Reviewed by Adrian Fry

Writers, artists and editors have been 'pushing the envelope' of genre fiction for so long and so hard, it no longer looks much like an envelope. Still, if categorisations mean anything, Ian Redman's Jupiter series - of which the publication under review is the fourth - is an almost unequivocal collection of science fiction stories. Where horror is essentially visceral and slipstream a way of hijacking mainstream literary fiction by discreetly fantastical means, science fiction remains essentially cerebral, at its best intoxicating us with the novelty and / or complexity of ideas.

This collection opens - after a parish notice style editorial that need not detain us - with Lavie Tidhar's story Lake of Stars. Marston, a man in Africa collecting games for Thomas Eddison at the end of the 19th century, investigates some strange goings-on at the eponymous African lake, discovering that he is in the middle of a game for which Earth itself is the board. Well written and interpolated with gobbets of history to add to its credibility, this is a thoughtful story and an interesting parable about the seriousness of play. Simon Waller provides an apt illustration.

The poetry in this collection comes courtesy of Aurelio Rico Lopez III and Steve Sneyd, the former turning in some jokey, throwaway items, little more than entertaining one liners, the latter providing two slightly longer poems of a rather more arcane nature.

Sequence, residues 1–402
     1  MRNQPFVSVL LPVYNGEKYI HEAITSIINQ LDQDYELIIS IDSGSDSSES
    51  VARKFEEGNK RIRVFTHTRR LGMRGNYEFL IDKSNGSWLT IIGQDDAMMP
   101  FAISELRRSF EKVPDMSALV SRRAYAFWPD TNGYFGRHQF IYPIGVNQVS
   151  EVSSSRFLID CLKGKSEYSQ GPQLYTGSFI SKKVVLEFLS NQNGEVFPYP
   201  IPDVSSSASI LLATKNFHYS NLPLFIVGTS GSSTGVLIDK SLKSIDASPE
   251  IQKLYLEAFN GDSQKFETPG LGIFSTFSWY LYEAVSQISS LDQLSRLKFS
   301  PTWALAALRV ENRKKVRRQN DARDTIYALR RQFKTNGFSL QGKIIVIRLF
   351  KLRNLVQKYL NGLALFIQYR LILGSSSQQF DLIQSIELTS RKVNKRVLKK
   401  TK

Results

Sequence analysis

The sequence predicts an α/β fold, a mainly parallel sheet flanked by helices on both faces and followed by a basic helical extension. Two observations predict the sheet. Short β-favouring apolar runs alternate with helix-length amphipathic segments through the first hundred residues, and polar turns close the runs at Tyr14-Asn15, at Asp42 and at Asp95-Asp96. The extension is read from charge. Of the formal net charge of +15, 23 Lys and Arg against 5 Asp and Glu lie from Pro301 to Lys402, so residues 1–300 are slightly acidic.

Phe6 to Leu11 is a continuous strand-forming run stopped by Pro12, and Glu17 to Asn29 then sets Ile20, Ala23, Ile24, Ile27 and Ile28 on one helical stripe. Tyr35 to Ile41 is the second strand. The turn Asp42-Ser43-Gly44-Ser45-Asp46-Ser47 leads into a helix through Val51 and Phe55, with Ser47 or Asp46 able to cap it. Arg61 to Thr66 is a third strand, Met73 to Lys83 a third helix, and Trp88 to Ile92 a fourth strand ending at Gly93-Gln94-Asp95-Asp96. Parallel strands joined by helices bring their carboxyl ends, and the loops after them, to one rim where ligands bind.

Jonathan Huston's story 'Universalisation' is narrated by an alien who comes to buy Earth's supply of salt water. Whimsically written, it's an enjoyable satire let down by an ending too limp and unsatisfying to be forgiven in a tale this short.

Christopher DJC Racknor's Stardust Road offers us a glimpse into the alienated mind of Marcus, whose ability to read the memories of others leaves him ostracized until an encounter on an alien world. An interesting character study degenerates in the plot driven second half of the story, but the whole is readable enough.

Huw Langridge provides us with The Ceres Configuration. A good old fashioned (yet high-tech) tale of approaching apocalypse, this story served to remind me just what unpretentious science fiction can do when written by someone who clearly relishes every word.

On the other hand, Dr Grew On Mars feels like a story I've read a thousand times. John Glass writes well enough, but just how many permutations on the unexpected life-on-Mars theme do there have to be before we start, um, expecting it?

The Secret Life Of The City by Richard Marlow is the unquestionable highlight of this collection. What begins as a tale of the paranoia and angst of an office worker develops into a genuinely disturbing tale of horror. This story is expertly paced, using its central character's unease to draw on and unsettle the reader.

The final story of the collection, Tom Smith's The Good TV is a comedy which pushes the concept of 'remote control' to its limits. It seemed to me that this story had more potential than its author managed to realise.

In conclusion, I'd say that although there are some good stories here, the proportion of misses to hits is a little too high and the editor might do well to restrict poets to one piece per publication to allow us a sporting chance of liking some of it. But with horror dominating the small press scene nowadays, anyone championing sf should get a medal for bravery.


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